Bells Will Toll, But Not For Them
There were no lighters held aloft or hands waving in the air last Thursday night at the Springmoor retirement community, but that doesn't mean the place wasn't rockin'.
Reprinted by permission of The News & Observer of Raleigh, North Carolina
The News & Observer North Raleigh News, December 14, 2007
David Bracken, Staff Writer
There were no lighters held aloft or hands waving in the air last Thursday night at the Springmoor retirement community, but that doesn’t mean the place wasn’t rockin’.
On the bill was Springmoor’s long-time house band, The Raleigh Ringers, who were playing the first show since they moved into a new practice space in another part of the city.
As a room full of senior citizens grinned and toe-tapped, one of the country’s premier handbell ensembles ran through a mix of old and new material that included Tchaikovsky, Vince Guaraldi and the Trans-Siberian Orchestra.
“It’s going to take me an hour or two to come undone from this,” admitted Helen Bosse, 83, after the 90-minute show.
“We think they’re wonderful,” said Myra Thomas, 80. “They’re so nice to come here.”
Dave Harris, The Raleigh Ringers’ music director, said the 17-member group has been looking to lease or buy practice space of its own since the beginning of the year. Setting up and taking down the group’s handbells at Springmoor is time consuming, Harris said, and leaves less time to practice.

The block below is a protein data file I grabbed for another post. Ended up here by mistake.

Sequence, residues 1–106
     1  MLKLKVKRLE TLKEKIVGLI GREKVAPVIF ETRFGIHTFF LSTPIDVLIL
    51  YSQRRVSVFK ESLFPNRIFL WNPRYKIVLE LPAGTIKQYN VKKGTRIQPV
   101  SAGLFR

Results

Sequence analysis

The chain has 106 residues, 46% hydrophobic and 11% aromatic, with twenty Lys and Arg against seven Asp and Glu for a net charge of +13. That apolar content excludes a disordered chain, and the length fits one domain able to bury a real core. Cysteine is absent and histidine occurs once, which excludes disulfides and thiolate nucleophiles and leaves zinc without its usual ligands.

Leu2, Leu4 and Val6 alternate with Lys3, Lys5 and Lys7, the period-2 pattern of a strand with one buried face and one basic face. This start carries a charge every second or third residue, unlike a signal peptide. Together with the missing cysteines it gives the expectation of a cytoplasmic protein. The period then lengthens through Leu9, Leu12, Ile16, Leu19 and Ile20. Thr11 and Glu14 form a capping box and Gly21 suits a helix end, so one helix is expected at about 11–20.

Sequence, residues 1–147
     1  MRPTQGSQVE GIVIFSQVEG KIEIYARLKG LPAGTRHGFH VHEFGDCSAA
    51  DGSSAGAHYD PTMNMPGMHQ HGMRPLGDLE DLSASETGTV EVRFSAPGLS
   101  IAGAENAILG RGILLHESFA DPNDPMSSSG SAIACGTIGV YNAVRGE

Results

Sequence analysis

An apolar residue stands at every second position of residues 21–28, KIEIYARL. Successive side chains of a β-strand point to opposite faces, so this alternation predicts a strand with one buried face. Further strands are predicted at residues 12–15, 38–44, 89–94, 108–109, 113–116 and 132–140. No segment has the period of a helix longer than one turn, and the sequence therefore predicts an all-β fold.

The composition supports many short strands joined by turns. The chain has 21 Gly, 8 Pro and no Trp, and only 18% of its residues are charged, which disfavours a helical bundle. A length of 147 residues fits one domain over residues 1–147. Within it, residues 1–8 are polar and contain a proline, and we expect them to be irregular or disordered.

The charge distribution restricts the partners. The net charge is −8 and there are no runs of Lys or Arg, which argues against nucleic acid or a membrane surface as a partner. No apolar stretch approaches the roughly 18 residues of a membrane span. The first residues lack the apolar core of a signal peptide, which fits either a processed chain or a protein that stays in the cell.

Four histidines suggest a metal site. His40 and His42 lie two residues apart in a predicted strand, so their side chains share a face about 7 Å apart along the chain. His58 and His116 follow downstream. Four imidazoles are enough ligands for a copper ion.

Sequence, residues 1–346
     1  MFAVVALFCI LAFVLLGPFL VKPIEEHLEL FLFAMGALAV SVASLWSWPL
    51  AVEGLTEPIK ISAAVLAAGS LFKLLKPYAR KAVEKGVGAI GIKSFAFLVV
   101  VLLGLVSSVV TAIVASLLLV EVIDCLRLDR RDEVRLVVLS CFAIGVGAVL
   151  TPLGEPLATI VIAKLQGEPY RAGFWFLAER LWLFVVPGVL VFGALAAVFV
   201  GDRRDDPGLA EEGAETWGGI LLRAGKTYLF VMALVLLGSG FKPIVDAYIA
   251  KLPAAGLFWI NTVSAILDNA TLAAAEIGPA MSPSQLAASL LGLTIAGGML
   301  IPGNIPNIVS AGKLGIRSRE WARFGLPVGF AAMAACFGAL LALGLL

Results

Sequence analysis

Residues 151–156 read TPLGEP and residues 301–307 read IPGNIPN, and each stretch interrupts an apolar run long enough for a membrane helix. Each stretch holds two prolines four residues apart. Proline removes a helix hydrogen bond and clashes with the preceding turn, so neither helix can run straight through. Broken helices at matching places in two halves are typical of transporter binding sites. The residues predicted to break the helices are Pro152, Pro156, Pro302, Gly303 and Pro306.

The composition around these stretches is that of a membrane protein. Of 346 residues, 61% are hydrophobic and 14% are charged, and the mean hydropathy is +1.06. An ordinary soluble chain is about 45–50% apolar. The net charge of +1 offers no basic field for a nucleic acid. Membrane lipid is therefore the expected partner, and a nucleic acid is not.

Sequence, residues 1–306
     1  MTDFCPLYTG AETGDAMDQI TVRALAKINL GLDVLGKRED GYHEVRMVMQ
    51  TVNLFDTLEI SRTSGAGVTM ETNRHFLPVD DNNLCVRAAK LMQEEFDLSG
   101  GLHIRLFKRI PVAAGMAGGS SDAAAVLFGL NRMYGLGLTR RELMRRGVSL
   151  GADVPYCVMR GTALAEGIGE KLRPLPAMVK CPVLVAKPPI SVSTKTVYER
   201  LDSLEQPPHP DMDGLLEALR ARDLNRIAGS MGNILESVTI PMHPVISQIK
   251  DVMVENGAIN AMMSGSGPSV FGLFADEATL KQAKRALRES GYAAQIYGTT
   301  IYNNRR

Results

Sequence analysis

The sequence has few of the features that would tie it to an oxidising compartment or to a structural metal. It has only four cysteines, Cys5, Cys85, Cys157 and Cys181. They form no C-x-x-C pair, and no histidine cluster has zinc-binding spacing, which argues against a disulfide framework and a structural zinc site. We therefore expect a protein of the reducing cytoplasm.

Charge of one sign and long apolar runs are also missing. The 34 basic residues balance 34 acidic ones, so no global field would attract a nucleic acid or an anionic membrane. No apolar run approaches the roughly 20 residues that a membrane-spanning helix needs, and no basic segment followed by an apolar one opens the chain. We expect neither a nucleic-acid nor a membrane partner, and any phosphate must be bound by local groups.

“Now we get to spend all our energy working on the music,” he said.
The Ringer’s Springmoor fan base seems to understand that the move is a sign of the group’s growing popularity.
“I’m not sorry they left, I think it’s wonderful,” Bosse said.
Last month, the handbell ensemble received a Medal of Arts award from the Raleigh Arts Commission. Despite playing a niche instrument, the Ringers have been able to expand their notoriety thanks to a set list that mixes classical orchestral pieces, jazz and rock.
The Ringer’s willingness to experiment was on display during last Thursday’s show, as the group welcomed a special guest: Dean Shostak, a glass armonica player from Williamsburg, Virginia.
Shostak and Harris have known each other for years, but last Thursday was the first time the two were able to perform together.
In between songs, Shostak the crowd how the glass armonica, which consists of glass bowls tuned by size, mounted one inside the other, had gone from being a popular instrument in the late 18th and 19th centuries to a lost art today.
“Mozart was a glass armonica player,” noted Shostak, who claims to be one of 10 people in the world who currently play the instrument.
With most of the Springmoor crowd having heard the Ringers many times before, residents felt free to offer constructive criticism about the Ringers-Shostak collaboration.
“I think they have some refinements to make, but it’s quite good,” said Joe Padgett, 81.
After promising to return again for future concerts, the Ringers finished off their set the way they always do, with a rendition of “Silent Night.”
“Thanks to all the folks at Springmoor who made us feel so welcome,” Harris said.